44.44.45.0/24 , 44.44.44.0/24 ,
44.44.43.0/24 , 44.44.42.0/24
Jan 15 18:29:41.440590 BGP SEND
44.44.41.0/24 , 44.44.40.0/24 ,
44.44.39.0/24 , 44.44.38.0/24
Jan 15 18:29:41.440708 BGP SEND
44.44.37.0/24 , 44.44.36.0/24 ,
44.44.35.0/24 , 44.44.34.0/24
Jan 15 18:29:41.440742 BGP SEND
44.44.33.0/24 , 44.44.32.0/24 ,
44.44.31.0/24 , 44.44.30.0/24
Jan 15 18:29:41.440770 BGP SEND
44.44.29.0/24 , 44.44.28.0/24 ,

14

Juniper BGP lab exercise: BGP Peering

44.44.27.0/24 , 44.44.26.0/24
Jan 15 18:29:41.440797 BGP SEND
44.44.25.0/24 , 44.44.24.0/24 ,
44.44.23.0/24 , 44.44.22.0/24
Jan 15 18:29:41.440825 BGP SEND
44.44.21.0/24 , 44.44.20.0/24 ,
44.44.19.0/24 , 44.44.18.0/24
Jan 15 18:29:41.440915 BGP SEND
44.44.17.0/24 , 44.44.16.0/24 ,
44.44.15.0/24 , 44.44.14.0/24
Jan 15 18:29:41.440961 BGP SEND
44.44.13.0/24 , 44.44.12.0/24 ,
44.44.11.0/24 , 44.44.10.0/24
Jan 15 18:29:41.440991 BGP SEND
44.44.9.0/24 , 44.44.8.0/24 , 44.44.7.0/24
, 44.44.6.0/24
Jan 15 18:29:41.441017 BGP SEND
44.44.5.0/24 , 44.44.4.0/24 , 44.44.3.0/24
, 44.44.2.0/24
Jan 15 18:29:41.441038 BGP SEND
44.44.1.0/24
Jan 15 18:29:41.445379 bgp_send: sending 97 bytes to 192.168.18.1 (Internal AS
702)
Jan 15 18:29:41.445457
Jan 15 18:29:41.445457 BGP SEND 192.168.20.1+59509 -> 192.168.18.1+179
Jan 15 18:29:41.445571 BGP SEND message type 2 (Update) length 97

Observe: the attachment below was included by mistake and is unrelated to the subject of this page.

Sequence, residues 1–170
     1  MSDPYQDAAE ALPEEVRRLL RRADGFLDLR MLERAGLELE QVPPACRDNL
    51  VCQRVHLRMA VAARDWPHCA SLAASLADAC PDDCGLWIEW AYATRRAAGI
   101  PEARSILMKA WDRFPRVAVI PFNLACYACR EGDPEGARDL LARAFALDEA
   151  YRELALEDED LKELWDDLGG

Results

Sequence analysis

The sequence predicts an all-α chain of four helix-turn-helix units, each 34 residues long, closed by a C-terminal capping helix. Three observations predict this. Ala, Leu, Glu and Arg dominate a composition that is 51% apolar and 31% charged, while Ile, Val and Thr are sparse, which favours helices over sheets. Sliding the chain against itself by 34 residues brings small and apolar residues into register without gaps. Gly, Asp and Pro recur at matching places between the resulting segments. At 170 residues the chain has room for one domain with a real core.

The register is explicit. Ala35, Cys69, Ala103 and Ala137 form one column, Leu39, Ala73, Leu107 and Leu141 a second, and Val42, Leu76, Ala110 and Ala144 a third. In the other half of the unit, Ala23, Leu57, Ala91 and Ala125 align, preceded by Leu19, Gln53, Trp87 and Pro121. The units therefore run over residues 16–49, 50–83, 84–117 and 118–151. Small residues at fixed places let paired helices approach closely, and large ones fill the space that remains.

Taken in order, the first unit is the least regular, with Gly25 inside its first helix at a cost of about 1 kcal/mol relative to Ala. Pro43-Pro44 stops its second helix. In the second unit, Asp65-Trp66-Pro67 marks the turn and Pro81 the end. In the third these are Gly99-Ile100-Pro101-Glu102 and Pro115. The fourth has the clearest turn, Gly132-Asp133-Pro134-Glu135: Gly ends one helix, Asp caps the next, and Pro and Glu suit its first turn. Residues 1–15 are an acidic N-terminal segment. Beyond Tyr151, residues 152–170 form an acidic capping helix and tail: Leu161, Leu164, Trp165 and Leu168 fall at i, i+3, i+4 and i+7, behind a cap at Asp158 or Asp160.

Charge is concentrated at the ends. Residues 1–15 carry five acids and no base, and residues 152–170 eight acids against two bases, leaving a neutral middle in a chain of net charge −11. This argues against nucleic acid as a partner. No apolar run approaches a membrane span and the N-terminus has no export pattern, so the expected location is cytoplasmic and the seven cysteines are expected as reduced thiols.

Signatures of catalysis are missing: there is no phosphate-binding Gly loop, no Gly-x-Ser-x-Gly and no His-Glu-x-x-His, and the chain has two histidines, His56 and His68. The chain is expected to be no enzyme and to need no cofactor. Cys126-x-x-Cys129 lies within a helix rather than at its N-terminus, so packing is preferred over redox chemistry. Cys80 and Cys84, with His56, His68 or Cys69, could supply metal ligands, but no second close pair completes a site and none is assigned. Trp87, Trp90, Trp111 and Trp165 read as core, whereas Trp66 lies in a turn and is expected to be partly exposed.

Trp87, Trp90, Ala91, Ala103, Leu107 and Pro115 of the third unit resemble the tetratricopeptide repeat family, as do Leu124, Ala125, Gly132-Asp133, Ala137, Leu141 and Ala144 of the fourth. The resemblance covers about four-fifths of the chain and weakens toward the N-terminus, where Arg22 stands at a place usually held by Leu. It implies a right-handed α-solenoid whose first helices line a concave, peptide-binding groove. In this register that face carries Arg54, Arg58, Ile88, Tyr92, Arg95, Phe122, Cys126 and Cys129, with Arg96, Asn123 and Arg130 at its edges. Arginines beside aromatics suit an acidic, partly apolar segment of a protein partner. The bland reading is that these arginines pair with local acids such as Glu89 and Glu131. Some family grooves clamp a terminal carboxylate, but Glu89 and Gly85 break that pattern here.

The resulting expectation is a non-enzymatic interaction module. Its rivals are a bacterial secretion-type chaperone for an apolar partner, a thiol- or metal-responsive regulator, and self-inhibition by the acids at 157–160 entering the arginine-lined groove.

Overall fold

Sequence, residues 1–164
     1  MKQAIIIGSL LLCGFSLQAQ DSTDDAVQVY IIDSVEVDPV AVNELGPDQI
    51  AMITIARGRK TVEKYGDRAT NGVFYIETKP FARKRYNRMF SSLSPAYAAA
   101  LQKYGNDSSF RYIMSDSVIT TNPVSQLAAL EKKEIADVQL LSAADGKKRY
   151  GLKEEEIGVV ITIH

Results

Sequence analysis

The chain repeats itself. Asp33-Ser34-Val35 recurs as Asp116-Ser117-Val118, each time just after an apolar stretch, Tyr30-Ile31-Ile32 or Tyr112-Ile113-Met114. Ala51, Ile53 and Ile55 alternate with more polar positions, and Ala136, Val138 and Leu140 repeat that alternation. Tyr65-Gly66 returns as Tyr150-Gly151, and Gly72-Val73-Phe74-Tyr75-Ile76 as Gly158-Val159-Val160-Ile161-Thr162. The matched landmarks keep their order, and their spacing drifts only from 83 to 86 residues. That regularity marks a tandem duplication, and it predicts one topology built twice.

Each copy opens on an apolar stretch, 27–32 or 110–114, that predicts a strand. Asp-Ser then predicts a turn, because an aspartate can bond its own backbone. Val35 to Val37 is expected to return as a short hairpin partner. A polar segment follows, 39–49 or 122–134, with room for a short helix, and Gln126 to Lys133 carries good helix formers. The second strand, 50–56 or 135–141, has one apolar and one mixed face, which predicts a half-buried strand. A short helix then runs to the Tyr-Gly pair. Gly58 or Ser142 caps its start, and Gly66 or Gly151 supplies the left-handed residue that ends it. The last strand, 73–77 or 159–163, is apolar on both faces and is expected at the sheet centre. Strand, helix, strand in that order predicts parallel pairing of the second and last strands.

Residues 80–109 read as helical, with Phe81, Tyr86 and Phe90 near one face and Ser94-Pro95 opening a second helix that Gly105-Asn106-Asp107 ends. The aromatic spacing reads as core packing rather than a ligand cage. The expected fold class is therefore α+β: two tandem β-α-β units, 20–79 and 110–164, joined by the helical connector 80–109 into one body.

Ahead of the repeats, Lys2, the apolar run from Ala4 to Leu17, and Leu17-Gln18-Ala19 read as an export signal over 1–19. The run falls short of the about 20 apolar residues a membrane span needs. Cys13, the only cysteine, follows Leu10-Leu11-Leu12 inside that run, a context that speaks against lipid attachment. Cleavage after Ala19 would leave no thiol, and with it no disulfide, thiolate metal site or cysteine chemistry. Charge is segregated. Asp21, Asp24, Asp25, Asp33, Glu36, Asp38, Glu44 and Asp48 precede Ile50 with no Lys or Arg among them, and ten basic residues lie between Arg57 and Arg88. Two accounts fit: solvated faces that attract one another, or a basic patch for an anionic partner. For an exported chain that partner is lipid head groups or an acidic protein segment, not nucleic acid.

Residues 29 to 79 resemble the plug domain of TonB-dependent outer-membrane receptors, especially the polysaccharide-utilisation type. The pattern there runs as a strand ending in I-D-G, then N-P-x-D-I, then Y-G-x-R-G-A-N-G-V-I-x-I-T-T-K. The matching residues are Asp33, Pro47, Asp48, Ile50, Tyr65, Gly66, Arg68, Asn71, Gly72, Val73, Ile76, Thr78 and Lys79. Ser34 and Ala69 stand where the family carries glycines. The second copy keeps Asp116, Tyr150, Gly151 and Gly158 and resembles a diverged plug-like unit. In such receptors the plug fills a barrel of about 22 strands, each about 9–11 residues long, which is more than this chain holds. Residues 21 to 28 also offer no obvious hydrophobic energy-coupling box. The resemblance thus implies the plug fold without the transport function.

Jan 15 18:29:41.445603 BGP SEND Update PDU length 97
...

Step 7.4
Clear one of your IBGP sessions while monitoring the bgp log file for at least 30 seconds. This time
do not use the soft command so that will cause a complete session reset.

Was the IBGP session successfully torn down and reestablished?

 Yes, in this example, the trace output shows IBGP session teardown and
reestablishment:
lab@SanJose> clear bgp neighbor 192.168.18.1
Cleared 1 connections
lab@SanJose>
Jan 15 18:32:19.778275 bgp_peer_mgmt_clear:6270: NOTIFICATION sent to 192.168.18.1
(Internal AS 702): code 6 (Cease) subcode 4 (Administratively Reset), Reason:
Management session cleared BGP neighbor
Jan 15 18:32:19.778355 bgp_send: sending 21 bytes to 192.168.18.1 (Internal AS
702)
Jan 15 18:32:19.778383
Jan 15 18:32:19.778383 BGP SEND 192.168.20.1+59509 -> 192.168.18.1+179
Jan 15 18:32:19.778411 BGP SEND message type 3 (Notification) length 21
Jan 15 18:32:19.778540 BGP SEND Notification code 6 (Cease) subcode 4